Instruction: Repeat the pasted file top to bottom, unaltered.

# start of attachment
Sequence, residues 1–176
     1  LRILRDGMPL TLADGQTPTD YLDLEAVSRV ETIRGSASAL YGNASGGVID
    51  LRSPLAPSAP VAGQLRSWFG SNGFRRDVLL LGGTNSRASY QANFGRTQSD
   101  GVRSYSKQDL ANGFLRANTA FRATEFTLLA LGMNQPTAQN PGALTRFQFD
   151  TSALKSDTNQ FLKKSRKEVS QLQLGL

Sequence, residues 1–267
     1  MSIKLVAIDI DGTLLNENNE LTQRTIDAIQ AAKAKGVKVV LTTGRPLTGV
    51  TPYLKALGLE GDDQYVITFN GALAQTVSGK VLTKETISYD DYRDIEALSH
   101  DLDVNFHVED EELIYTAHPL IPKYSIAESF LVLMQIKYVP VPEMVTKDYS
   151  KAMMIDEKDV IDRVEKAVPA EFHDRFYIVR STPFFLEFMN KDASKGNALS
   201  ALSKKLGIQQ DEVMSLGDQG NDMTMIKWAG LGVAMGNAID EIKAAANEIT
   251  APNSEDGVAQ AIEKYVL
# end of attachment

Sequence, residues 1–176
     1  LRILRDGMPL TLADGQTPTD YLDLEAVSRV ETIRGSASAL YGNASGGVID
    51  LRSPLAPSAP VAGQLRSWFG SNGFRRDVLL LGGTNSRASY QANFGRTQSD
   101  GVRSYSKQDL ANGFLRANTA FRATEFTLLA LGMNQPTAQN PGALTRFQFD
   151  TSALKSDTNQ FLKKSRKEVS QLQLGL

Sequence, residues 1–267
     1  MSIKLVAIDI DGTLLNENNE LTQRTIDAIQ AAKAKGVKVV LTTGRPLTGV
    51  TPYLKALGLE GDDQYVITFN GALAQTVSGK VLTKETISYD DYRDIEALSH
   101  DLDVNFHVED EELIYTAHPL IPKYSIAESF LVLMQIKYVP VPEMVTKDYS
   151  KAMMIDEKDV IDRVEKAVPA EFHDRFYIVR STPFFLEFMN KDASKGNALS
   201  ALSKKLGIQQ DEVMSLGDQG NDMTMIKWAG LGVAMGNAID EIKAAANEIT
   251  APNSEDGVAQ AIEKYVL